While casting about the Anglican blogosphere, I ran across an idea from an unexpected source: an endorsement of the lay presidency from John Richardson, the “Ugley Vicar”. This concept is usually associated with the Archdiocese of Sydney, Australia, the same archepiscopal entity which put subordinationism within the Trinity back into play in order to counter WO (the theology is correct in concept, but weak in execution and not suitable for the intended purpose).
For those not up to speed: lay presidency is the practice of allowing lay people to preside over the Holy Communion. Personally I cannot see this, and in this 2007 post I laid out why:
The “empowerment” they’re (the Archdiocese of Sydney) proposing is allowing lay people to celebrate the Holy Communion, which traditionally is a no-no in the Anglican world. Actually most churches reserve for their ministers the authority to celebrate the Lord’s Supper, irrespective of their theology of the church. And this isn’t challenged in most places either. The problems that these Australian Anglicans are wrestling with are a product of two trends in the Anglican world, one fairly recent and one of long standing.
The first is that many Anglican churches have made the Holy Communion the central order of worship. This is largely the result of Anglo-Catholic and Affirming Catholic influence. In the past Holy Communion, in common with other Protestant churches, was celebrated every so often (monthly, sometimes less) and the normal service was Morning or Evening Prayer. The 1662 Book of Common Prayer specifically allows lay people to celebrate the Morning and Evening Prayer (even giving suitable modifications.)
Where Morning and Evening Prayer are still the central orders of worship in Anglican life, lay celebration is certainly possible. But as long as Anglican churches insist on making the Holy Communion normative, they will not only be on the horns of the dilemma the Archdiocese faces, but they will also be a block to many visitors (since most Anglican churches still have closed communion.)
The second trend is the fact that the bar of entry into the Anglican ministry (I still hate calling them priests) is too high. Anglicans are too hung up on extensive formal education that may or may not prepare them for practical ministry or even give them a sound theological education. The classic example of this is the current Archbishop of Canterbury, Rowan Williams. Everyone knows he’s a brilliant academic, but his leadership capabilities leave a lot to be desired of (although he is in reality in an impossible situation.) I’m no advocate for institutionalised ignorance, but much of what is taught in seminaries these days–liberal and conservative alike–is not useful for real ministry or even basic management or people skills.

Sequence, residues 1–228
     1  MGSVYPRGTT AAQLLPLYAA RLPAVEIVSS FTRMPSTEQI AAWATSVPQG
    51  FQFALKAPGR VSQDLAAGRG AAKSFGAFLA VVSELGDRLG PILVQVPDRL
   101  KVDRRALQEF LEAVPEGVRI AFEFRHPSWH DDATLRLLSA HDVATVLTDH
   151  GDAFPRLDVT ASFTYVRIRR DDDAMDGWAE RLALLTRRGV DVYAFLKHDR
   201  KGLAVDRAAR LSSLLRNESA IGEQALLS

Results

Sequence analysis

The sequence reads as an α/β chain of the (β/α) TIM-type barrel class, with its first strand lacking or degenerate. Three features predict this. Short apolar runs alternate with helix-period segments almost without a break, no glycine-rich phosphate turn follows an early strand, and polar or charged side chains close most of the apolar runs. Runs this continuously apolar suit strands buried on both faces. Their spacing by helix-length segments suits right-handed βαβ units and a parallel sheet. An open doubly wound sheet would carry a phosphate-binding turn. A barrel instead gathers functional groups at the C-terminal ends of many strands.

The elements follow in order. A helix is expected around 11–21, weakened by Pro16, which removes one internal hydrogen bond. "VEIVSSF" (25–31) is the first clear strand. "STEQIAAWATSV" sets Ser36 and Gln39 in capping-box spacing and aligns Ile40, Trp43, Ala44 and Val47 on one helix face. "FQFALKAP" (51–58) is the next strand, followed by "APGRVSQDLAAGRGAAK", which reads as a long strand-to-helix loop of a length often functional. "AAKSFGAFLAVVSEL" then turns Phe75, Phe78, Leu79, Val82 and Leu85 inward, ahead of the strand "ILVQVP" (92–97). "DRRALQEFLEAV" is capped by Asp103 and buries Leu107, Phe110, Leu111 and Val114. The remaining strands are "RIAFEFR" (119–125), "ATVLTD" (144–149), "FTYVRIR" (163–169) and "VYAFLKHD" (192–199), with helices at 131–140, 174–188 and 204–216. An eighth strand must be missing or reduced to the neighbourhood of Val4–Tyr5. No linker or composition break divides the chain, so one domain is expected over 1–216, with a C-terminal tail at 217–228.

If it were not such a long business to obtain an education that people–lay and clergy alike–would sniff at contemptuously, the idea to accommodate the laity with the Holy Communion would not even be considered.
To this I might add the following:
- Leaving aside the whole Catholic argument over the nature of the priesthood, lay presidency undermines the whole concept of the clergy. If anyone can celebrate the sacred mysteries, why do we have a clergy at all? (That question came to mind many times while doing church work, but I digress…)
- The mania for formal education isn’t restricted to the Anglican world; my own church has in recent years jacked up the educational requirements of their own ministers. What they fail to realise isn’t that our ministers lack (and I’m not being pejorative about this; our own surveys bear this out) formal seminary or theological education; they lack formal education of any kind. If, for example, we took people with bachelor’s or higher degrees and the proper spiritual state (it really helps if ministers are saved, sanctified and baptised in the Holy Spirit) and made them into the ministerial equivalents of “ninety day wonders” we’d be further down the road than we are.
I still think this is a bad idea. Broadening our ministerial ranks with those who don’t necessarily require a stipend would solve part of the problem, and getting away from the “Communion every service” business would take care of the rest.